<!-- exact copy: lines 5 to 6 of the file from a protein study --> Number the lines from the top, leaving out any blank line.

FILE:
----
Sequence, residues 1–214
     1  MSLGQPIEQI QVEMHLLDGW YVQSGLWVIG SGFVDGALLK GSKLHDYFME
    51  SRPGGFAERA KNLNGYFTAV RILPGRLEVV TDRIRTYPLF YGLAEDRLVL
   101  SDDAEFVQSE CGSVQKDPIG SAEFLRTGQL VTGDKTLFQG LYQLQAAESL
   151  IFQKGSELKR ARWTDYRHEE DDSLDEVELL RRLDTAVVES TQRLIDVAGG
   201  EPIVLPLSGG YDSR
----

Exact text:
   151  IFQKGSELKR ARWTDYRHEE DDSLDEVELL RRLDTAVVES TQRLIDVAGG
   201  EPIVLPLSGG YDSR